"Equally, if no alternative can be arranged, a full refund is due to the customer."

Will my travel insurance cover my holiday to Spain?

MANY Brits have been left confused after the FCO changed its travel advice for Spain to “all but essential travel”.

The Sun spoke to Malcolm Tarling from the Association of British Insurers (ABI) to find out what it means for your travel insurance. He said: 

"If you’re stuck in Spain at the moment and not coming back immediately, your travel policy will continue to cover you in the usual way if you lose possessions or need emergency care. 

"If you’re going to Spain regardless of the latest government advice, then it will invalidate any insurance policy you had taken out for the trip. 

"You should talk to your travel agent or tour operator if your trip has been affected by the change in advice. 

"Holidaymakers are entitled to a refund in full if trips have been cancelled due to FCO advice, but not if you booked separately. 

"If you make arrangements to defer or change the destination of your trip then you can normally transfer your travel insurance. 

"Many policies will cover you for cancellation if the government advice changes to all but essential travel, as long as the policy was purchase before the latest guidance was issued.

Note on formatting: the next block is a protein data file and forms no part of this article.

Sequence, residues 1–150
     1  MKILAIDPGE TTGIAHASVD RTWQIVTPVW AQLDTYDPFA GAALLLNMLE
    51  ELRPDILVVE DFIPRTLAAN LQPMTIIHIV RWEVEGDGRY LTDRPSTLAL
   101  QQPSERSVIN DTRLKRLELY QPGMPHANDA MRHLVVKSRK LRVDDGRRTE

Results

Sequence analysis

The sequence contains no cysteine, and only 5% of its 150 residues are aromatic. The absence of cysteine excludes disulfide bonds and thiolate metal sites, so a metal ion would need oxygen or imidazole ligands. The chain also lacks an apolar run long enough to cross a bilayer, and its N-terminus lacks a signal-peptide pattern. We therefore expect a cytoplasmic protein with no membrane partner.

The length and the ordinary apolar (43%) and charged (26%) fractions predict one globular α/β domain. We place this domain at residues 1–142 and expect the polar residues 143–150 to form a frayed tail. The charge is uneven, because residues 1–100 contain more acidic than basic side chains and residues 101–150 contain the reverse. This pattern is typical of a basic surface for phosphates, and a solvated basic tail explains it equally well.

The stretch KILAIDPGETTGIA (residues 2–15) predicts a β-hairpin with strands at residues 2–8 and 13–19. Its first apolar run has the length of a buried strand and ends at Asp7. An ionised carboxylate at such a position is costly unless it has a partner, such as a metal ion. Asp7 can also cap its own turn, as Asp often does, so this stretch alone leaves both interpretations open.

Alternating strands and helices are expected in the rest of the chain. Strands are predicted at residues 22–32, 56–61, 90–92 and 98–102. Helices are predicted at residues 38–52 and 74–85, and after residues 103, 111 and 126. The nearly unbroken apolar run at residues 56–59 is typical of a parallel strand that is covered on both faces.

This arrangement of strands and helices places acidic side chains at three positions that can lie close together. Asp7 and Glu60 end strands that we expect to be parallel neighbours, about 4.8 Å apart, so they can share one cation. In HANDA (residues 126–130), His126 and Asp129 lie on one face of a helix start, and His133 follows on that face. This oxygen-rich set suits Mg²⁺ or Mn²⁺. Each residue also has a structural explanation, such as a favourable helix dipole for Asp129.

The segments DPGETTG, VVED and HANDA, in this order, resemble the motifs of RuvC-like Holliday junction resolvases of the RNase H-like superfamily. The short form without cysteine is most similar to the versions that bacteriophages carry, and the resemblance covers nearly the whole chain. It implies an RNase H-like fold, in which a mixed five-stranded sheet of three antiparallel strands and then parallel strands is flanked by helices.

"But more recently, insurers have been adding Covid-19 exclusions for known risks that be taken when you book a holiday so you might not actually be covered. 

"You need to check your policy to see if you are covered.”

This is only for package deals that are affected by FCO guidance - it's not clear how long the travel ban will last but some tour operators are contacting customers who's holiday will be impacted.

For example, Love Holidays is contacting customers who are due to go to Spain in the coming weeks, prioritising those who are going away first.

Meanwhile, TUI has cancelled all package deals to Spain up until and including August 9 2020.

It's important that you don't cancel your holiday - if you do, then you won't be able to claim your money back as it's your choice not to go ahead with the trip.

Plus you may also have to fork out for extra cancellation charges so you should wait until your travel operator contacts you.

If you are worried about an upcoming trip, you should speak to your travel provider as some agents are offering alternative arrangements.

These include changing the dates or destination of your holiday for free or accepting a credit note that can be used to book another trip away at a later date.

If you do opt for your money back, it should usually be transferred to you within 14 days but ABTA has warned that it may take some firms longer than this.

The spokesperson added: "Travel businesses are currently operating in exceptionally difficult circumstances, with higher volumes of enquiries and often with fewer staff, and because of this it may take longer to process refunds, which is understandably frustrating for customers. 

"The refund should be processed as soon as the company is able to and you should ask the company for a timeframe for when you should receive the refund."

If you didn't book a package deal, you may be able to get a refund through your travel insurance as long as you bought it before the FCO advice was in place.

Alternatively, you may be able to claim the money back through your credit card provider through Section 75.